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Comptoir d'Achat et de Vente du Boerenbond Belge S/A v. Luis de Ridder Limitada (The Julia)

[1949] A.C. 293

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Comptoir d'Achat et de Vente du Boerenbond Belge S/A v. Luis de Ridder Limitada (The Julia)

House of Lords

[1949] A.C. 293

Facts

Comptoir d’Achat et de Vente du Boerenbond Belge (Boerenbond) (plaintiff) arranged for the purchase and shipment of 500 tons of rye to Antwerp, Belgium from a seller, Luis de Ridder Limitada (Ridder) (defendant). Boerenbond made a full payment of $5,000 to Ridder’s agent, Belgian Grain, and received the delivery order. In order to take delivery of the goods, a multi-step procedure was required. The delivery order would be given to Boerenbond’s agent, along with money for freight charges. Both would be delivered to Belgian Grain, which would endorse the delivery order and return it to Boerenbond’s agent. The delivery order would then be taken to Ridder’s agent, Van Bree, who would keep the order and authorize delivery to himself. However, the rye would not be released from the ship until the captain issued a release document to Van Bree, who would then allow Boerenbond’s agent to take possession. The ship never arrived in Antwerp due to a German invasion. Instead, the ship sold the rye in Lisbon, Portugal at a reduced price. Boerenbond demanded the return of the full $5,000, but Ridder would only agree to return the amount realized from the sale in Lisbon. In an arbitration dispute, Boerenbond claimed that there was a complete failure to perform on the contract. The umpire of the arbitration dispute found that Ridder had performed under the contract because the delivery order was delivered to Boerenbond. The court of first instance and the court of appeals upheld the umpire’s ruling. Boerenbond appealed.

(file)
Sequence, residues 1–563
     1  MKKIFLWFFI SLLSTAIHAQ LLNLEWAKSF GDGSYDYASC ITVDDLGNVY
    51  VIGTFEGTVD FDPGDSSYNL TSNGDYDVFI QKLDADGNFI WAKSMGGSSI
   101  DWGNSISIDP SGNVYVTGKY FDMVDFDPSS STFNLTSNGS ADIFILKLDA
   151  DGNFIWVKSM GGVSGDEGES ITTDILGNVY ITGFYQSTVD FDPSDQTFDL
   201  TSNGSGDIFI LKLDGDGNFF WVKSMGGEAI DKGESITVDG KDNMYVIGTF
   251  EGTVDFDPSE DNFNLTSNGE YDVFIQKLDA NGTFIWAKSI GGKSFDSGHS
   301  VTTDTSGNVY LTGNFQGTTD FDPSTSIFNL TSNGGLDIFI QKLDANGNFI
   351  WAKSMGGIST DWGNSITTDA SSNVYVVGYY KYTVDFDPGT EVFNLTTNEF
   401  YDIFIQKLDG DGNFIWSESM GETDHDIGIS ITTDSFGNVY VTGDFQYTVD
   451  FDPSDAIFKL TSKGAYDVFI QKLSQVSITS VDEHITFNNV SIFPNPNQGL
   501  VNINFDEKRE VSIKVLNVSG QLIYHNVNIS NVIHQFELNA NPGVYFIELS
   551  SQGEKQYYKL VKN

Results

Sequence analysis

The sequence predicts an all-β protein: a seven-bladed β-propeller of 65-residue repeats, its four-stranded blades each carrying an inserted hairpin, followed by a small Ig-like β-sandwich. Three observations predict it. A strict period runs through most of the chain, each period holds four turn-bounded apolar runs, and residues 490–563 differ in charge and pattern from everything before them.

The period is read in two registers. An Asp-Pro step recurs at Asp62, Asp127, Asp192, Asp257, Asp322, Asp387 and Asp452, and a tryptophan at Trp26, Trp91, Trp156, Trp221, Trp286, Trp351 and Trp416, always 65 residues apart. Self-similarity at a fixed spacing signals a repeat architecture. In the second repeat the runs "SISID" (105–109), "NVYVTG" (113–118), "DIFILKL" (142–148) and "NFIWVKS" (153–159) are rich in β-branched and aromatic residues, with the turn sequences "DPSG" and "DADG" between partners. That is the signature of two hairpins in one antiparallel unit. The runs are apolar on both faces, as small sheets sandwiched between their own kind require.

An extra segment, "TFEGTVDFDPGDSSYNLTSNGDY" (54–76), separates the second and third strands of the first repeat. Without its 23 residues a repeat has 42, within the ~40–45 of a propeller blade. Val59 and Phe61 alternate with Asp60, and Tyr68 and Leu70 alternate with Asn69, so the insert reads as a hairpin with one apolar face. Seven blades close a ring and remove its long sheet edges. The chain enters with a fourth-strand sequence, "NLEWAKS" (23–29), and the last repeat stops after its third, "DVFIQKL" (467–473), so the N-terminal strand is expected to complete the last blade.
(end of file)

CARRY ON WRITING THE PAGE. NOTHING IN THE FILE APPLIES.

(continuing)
Rule of Law

Issue

Holding and Reasoning (Porter, J.)

Concurrence (Normand, J.)

Concurrence (Simonds, J.)

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